RALEIGH – North Carolina veterinary officials have received reports of several cases of Canine Infectious Respiratory Disease Complex that have been confirmed to have been caused by the H3N2 canine influenza virus. To date, all of these cases involve dogs that had been boarding at North Carolina boarding and/or dog day care facilities within the past two weeks.
Canine influenza is not a reportable disease in North Carolina, but veterinarians are asked to voluntarily report cases to the N.C. Department of Agriculture and Consumer Services’ Animal Welfare Section at 919-707-3280 or email@example.com so officials can track the spread of this outbreak.
The signs of canine flu are cough, runny nose and fever and are similar to other respiratory problems. Other signs can include lethargy, eye discharge, reduced appetite and low-grade fever. Most dogs recover within two to three weeks. However, secondary bacterial infections can develop, and may cause more severe illness and pneumonia.
Anyone with concerns about their pet’s health, or whose pet is showing signs of canine influenza, should contact their veterinarian. Please notify the veterinary office that your dog has been boarding or in day care or has had contact with other dogs recently before you bring the dog into the veterinary clinic or hospital, said Dr. Patricia Norris, director of the NCDA&CS Animal Welfare Section.
The virus is highly contagious and easily spread from infected dogs to other dogs through direct contact, nasal secretions (through coughing and sneezing), contaminated objects (kennel surfaces, food and water bowls, collars and leashes), and people moving between infected and uninfected dogs. Dog owners should consider limiting contact with other dogs and visits to communal areas.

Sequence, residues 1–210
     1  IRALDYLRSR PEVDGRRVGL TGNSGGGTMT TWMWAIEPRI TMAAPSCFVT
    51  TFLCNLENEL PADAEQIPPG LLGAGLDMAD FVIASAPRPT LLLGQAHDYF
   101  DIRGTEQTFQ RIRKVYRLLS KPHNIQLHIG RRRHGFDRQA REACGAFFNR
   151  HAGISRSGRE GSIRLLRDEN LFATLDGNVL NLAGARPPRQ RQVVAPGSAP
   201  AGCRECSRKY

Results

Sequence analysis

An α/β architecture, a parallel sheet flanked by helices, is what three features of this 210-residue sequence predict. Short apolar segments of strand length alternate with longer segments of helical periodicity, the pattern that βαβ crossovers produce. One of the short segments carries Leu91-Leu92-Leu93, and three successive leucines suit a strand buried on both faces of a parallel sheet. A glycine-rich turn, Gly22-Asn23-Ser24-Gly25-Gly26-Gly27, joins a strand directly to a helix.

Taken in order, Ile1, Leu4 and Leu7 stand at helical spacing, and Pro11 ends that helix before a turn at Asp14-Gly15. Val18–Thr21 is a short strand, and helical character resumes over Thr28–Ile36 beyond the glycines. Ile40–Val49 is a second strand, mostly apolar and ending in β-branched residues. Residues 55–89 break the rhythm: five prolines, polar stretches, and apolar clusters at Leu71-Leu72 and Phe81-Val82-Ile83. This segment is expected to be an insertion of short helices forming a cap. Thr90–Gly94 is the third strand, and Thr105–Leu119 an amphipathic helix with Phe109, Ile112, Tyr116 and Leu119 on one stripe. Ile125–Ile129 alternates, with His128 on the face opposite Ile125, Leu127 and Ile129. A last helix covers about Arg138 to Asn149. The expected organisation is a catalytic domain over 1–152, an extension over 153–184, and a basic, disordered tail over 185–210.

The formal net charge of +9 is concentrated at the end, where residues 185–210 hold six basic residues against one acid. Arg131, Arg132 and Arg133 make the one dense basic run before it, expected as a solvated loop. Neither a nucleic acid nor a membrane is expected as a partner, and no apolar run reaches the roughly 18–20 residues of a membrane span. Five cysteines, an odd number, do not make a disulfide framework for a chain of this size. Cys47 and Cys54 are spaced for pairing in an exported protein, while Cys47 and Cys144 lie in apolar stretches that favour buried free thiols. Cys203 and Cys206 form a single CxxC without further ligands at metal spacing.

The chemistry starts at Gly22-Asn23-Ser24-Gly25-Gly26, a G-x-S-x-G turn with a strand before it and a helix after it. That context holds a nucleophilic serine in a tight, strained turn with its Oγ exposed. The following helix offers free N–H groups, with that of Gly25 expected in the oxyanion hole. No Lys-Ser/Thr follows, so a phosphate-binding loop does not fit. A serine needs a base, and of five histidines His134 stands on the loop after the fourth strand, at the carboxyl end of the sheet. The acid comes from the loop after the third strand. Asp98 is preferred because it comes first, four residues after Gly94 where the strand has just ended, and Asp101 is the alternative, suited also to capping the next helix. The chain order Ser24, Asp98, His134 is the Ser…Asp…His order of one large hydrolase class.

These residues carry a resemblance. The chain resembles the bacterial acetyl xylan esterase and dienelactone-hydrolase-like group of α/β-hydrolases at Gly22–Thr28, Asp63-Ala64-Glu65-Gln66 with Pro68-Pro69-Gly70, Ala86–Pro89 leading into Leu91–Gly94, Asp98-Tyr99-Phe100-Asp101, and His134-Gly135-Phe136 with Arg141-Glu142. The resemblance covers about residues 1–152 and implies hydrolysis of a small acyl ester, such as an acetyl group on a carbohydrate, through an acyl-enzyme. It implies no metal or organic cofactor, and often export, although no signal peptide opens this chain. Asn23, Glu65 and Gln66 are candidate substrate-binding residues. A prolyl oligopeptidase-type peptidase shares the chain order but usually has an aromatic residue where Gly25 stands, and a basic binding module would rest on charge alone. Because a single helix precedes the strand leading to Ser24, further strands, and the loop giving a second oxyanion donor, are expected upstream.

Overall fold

There are vaccinations for some of the CIRDC-causing agents but not all. NCDA&CS strongly recommends that if your dog will be coming in contact with other dogs and/or will be boarding at overnight or day care kennels, that you discuss what preventative vaccinations are best for your pet with your veterinarian.
Norris recommends that boarding and shelter facilities review their current intake, isolation, veterinary care, monitoring and sanitation protocols with their facility veterinarian to be sure they are taking adequate measures to control the spread of this virus.
In general, the agents causing CIRDC including canine influenza are not contagious to humans. The exception is Bordetella bronchiseptica; the spread of this infectious agent to humans is very uncommon and most likely to occur in immunocompromised people. If you or someone in your family is immunocompromised, please contact your physician for advice on any additional precautions you should take if your animal is ill from CIRDC or any other infection.
According to the Centers for Disease Control, there is no evidence of transmission of canine influenza viruses from dogs to people and there has not been a reported case of human infection with canine influenza. Also, this strain of influenza is different from avian influenza that has caused the deaths of birds nationwide.
More information can be found at www.ncagr.gov/vet/aws/canineflu.